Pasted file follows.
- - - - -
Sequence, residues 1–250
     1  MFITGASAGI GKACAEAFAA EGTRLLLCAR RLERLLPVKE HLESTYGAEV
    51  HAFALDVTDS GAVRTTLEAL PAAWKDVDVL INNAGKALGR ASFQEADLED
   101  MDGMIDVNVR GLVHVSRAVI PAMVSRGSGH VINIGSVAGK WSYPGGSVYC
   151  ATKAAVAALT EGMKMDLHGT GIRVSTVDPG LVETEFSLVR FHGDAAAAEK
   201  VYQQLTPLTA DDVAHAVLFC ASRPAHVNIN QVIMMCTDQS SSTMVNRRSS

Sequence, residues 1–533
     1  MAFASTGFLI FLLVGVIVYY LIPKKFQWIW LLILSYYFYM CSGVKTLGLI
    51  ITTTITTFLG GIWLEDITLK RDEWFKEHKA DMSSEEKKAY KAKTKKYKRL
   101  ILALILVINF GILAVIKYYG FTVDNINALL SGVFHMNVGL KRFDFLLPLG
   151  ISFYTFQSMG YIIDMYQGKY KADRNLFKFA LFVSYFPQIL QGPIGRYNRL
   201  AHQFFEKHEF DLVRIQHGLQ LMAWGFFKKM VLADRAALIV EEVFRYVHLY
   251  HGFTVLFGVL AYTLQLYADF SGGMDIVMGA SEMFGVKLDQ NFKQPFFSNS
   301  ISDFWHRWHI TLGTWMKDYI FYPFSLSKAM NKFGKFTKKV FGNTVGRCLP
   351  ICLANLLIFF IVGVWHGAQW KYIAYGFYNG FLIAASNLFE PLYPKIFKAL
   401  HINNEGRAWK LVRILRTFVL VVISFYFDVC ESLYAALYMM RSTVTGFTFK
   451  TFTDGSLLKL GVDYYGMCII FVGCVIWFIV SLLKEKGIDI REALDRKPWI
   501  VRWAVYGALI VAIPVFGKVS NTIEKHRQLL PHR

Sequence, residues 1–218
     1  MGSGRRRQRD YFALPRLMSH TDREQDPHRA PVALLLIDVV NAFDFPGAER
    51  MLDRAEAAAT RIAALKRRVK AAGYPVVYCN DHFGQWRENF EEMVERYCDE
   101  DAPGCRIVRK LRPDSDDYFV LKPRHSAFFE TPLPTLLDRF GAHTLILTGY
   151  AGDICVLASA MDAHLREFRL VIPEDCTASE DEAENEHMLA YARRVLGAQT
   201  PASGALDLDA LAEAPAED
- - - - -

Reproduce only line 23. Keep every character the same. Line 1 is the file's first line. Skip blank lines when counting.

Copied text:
   151  AGDICVLASA MDAHLREFRL VIPEDCTASE DEAENEHMLA YARRVLGAQT